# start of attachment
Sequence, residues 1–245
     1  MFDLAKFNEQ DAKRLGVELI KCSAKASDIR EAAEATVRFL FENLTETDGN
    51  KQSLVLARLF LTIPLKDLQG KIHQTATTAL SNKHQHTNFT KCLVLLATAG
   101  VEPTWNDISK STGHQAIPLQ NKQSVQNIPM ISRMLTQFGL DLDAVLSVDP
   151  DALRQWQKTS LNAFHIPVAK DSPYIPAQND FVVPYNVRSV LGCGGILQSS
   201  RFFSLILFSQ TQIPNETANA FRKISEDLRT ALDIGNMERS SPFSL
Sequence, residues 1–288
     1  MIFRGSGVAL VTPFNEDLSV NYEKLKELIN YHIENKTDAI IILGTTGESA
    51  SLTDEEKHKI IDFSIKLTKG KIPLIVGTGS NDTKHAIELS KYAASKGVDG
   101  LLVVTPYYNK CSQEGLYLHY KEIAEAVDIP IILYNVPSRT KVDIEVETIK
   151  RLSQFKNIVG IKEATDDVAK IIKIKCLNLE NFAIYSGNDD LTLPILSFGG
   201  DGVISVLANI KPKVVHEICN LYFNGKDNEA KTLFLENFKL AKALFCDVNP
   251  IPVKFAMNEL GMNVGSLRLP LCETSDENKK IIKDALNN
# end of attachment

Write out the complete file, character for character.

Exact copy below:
Sequence, residues 1–245
     1  MFDLAKFNEQ DAKRLGVELI KCSAKASDIR EAAEATVRFL FENLTETDGN
    51  KQSLVLARLF LTIPLKDLQG KIHQTATTAL SNKHQHTNFT KCLVLLATAG
   101  VEPTWNDISK STGHQAIPLQ NKQSVQNIPM ISRMLTQFGL DLDAVLSVDP
   151  DALRQWQKTS LNAFHIPVAK DSPYIPAQND FVVPYNVRSV LGCGGILQSS
   201  RFFSLILFSQ TQIPNETANA FRKISEDLRT ALDIGNMERS SPFSL
Sequence, residues 1–288
     1  MIFRGSGVAL VTPFNEDLSV NYEKLKELIN YHIENKTDAI IILGTTGESA
    51  SLTDEEKHKI IDFSIKLTKG KIPLIVGTGS NDTKHAIELS KYAASKGVDG
   101  LLVVTPYYNK CSQEGLYLHY KEIAEAVDIP IILYNVPSRT KVDIEVETIK
   151  RLSQFKNIVG IKEATDDVAK IIKIKCLNLE NFAIYSGNDD LTLPILSFGG
   201  DGVISVLANI KPKVVHEICN LYFNGKDNEA KTLFLENFKL AKALFCDVNP
   251  IPVKFAMNEL GMNVGSLRLP LCETSDENKK IIKDALNN